12 months later, I gained my 50 Parkruns t-shirts and was running sub-20 times. I joined a running club, became a qualified run leader with England Athletics and took on the London Marathon.
This year, now 51, I’m running London Marathon for the second year and will be rocking my Aftershokz Aeropex every step of the way. I use them on short runs, long runs, even as a Run Leader with our beginner's group, as I can have background tunes and still chat to people starting out on their journeys...
AfterShokz is the best piece of running kit I’ve ever come across!
I was playing in my first hockey match after taking some time off to recover from surgery on my left fifth metatarsal. A few minutes into the game, I went to change direction, heard a click and felt a sharp pain down the outside of my foot. A mix of pain and dread washed over me as I took my next step which confirmed I had broken the bone again.
Following a second operation, I was lying in bed feeling so frustrated, knowing I'd have to go through all the rehab & recovery again. My rehab had previously involved swimming & cycling which I'd enjoyed, so set myself a very ambitious goal to work towards. I'd seen some triathlons on TV and had already entered the London Tri for charity the following year, but wanted to really push myself. I wanted to finish Ironman.
Over the following year, I competed in several shorter distance races, building fitness and knowledge about the sport before deciding which race to go for. After that, it was a case of knuckling down, following the plan with one clear goal in mind, running down the red carpet.
Two years post-op and countless hours of training later, after 12 hours in 40-degree temperatures, I crossed the finish line at Ironman Frankfurt!
Looking back, there are two key areas I reflect on:
Firstly, I probably should have taken more time and followed the rehab advice more closely after the first operation. This may have helped prevent the second break.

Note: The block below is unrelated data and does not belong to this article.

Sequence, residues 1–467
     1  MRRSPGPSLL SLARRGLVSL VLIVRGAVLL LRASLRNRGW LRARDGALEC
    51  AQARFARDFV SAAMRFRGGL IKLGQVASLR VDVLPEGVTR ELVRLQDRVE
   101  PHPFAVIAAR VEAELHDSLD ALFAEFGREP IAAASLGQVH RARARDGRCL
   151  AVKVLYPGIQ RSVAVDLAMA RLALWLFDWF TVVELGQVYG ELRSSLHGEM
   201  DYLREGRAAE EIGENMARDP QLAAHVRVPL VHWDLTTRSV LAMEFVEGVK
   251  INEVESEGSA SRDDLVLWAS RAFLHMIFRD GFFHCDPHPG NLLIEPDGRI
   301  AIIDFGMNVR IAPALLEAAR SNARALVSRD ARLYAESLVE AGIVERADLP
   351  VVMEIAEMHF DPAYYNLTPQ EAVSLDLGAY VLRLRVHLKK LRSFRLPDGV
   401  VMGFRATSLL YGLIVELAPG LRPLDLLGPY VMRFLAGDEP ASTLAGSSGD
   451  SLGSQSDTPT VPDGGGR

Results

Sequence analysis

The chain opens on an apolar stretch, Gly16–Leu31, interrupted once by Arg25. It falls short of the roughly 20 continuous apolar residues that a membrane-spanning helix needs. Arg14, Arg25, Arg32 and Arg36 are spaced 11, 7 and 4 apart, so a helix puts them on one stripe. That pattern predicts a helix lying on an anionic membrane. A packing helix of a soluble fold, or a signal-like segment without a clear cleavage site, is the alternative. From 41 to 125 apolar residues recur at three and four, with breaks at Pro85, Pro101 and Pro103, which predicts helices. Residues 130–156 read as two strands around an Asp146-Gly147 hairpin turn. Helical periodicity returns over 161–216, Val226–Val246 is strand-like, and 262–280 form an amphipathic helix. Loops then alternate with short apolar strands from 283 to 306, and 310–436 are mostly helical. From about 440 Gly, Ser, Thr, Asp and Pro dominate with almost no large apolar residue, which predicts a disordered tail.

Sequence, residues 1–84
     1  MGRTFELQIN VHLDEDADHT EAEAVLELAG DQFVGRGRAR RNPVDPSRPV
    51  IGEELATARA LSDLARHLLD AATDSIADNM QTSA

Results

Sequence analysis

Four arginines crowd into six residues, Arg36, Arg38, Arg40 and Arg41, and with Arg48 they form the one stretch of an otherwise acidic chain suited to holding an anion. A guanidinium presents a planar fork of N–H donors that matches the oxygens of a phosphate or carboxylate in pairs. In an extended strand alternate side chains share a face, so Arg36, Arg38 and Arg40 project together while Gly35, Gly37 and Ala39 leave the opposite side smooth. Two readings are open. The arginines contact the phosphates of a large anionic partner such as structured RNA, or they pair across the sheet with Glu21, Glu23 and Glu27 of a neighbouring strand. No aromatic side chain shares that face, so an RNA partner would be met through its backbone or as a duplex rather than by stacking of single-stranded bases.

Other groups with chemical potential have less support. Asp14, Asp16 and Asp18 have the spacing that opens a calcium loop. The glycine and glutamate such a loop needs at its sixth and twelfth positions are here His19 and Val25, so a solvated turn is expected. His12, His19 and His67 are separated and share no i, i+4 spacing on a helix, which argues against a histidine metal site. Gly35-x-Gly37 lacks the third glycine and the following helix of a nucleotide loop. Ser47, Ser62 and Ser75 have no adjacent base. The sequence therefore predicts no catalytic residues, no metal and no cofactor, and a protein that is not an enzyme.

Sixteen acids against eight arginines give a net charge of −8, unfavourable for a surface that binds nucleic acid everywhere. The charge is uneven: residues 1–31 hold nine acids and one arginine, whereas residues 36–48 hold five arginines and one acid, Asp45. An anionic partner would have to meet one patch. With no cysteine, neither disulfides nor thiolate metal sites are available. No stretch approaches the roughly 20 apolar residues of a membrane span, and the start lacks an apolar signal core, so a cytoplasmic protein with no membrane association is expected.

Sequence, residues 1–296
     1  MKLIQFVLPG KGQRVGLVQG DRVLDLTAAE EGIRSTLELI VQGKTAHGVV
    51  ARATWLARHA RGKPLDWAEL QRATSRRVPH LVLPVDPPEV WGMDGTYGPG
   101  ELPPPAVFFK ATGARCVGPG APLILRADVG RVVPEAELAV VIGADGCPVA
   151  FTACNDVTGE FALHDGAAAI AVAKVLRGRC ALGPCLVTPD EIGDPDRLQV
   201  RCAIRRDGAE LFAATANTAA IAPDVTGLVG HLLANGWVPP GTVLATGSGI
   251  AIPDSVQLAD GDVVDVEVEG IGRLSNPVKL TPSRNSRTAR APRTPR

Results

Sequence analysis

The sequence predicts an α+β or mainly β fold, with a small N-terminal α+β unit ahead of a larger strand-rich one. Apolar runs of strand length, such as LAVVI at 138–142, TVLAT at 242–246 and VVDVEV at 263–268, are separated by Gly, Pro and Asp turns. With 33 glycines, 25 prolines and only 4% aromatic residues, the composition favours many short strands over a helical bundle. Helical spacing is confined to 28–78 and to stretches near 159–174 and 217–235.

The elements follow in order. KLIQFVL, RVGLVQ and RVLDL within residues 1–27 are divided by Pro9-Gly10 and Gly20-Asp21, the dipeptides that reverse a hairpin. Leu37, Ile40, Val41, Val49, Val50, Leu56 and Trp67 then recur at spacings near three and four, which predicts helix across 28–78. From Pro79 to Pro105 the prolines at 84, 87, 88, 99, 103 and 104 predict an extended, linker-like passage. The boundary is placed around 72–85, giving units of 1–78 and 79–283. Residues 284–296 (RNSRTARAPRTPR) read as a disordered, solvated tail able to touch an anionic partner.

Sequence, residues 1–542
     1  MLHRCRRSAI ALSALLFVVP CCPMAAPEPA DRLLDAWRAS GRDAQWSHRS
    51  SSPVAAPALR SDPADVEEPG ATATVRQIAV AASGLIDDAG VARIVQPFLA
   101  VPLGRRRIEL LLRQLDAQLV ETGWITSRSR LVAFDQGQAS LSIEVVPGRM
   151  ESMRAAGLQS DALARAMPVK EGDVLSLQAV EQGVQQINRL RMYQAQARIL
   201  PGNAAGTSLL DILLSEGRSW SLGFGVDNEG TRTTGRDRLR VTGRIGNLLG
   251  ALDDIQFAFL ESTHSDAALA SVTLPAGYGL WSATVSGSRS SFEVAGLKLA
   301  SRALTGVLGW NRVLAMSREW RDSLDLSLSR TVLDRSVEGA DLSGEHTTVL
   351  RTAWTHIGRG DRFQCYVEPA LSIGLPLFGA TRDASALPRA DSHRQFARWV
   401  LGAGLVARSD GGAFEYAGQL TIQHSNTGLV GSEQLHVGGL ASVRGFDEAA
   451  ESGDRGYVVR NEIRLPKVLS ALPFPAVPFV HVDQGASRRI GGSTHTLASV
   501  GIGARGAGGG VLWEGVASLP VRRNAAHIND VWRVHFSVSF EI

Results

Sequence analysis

Secondly, trusting the process, there are many times where the enormousness of an Ironman seemed beyond me, but I stuck to my plan throughout. This is something I still adhere to with my current training for the ETU Championships in Sweden later this year and remind myself of whenever I have an off day.
I ran my first marathon, the Edinburgh Marathon, last May andI burst into tears when I crossed the finish line. I never thought I would be able to run a marathon but it turned out I could! Who'd have thought?
After Edinburgh, I scrolled through my messages with my husband and found my first ever run, which was on Christmas Eve 2017 (before I used any app to track my runs, I just ran and then spammed him with sweaty, post-run selfies). I remembered that run very well - I don’t know why running was the tool I opted for in my misery but it was probably because I wanted to literally run away from everything - my anxiety, my negative thoughts, my troubles. I'd struggled with depression and an eating disorder in the past, and recognised the signs in myself that I was entering a dark place again.
So I ran. Then I ran again for a second time a couple of days later. And again for a third time a couple of days later. And I found that my mind, which had been spiralling into a vortex of negativity, didn't have the capacity to do that, and also keep up with my body whilst I was running. It wasn't that I ran away from my anxiety and didn't deal with it; rather, the act of being able to concentrate on something purely for myself allowed my mind to quieten down and helped me manage my anxiety.
There was a period of time when it was physically more difficult to run because I was on Roaccutane for my skin (another story for another time, but, in short, I had a generally positive experience on it). Now, my mental health ebbs and flows, but, crucially, it is manageable. And my journey brought me to the finish line of my first marathon - and I am now about to run my second.
My family and friends helped me emerge from that dark place - but running helped me even more, because, truthfully, it was an unexpected source of support and relief!
I'm looking forward to the future and what it'll bring - and seeing what else I'll be able to achieve.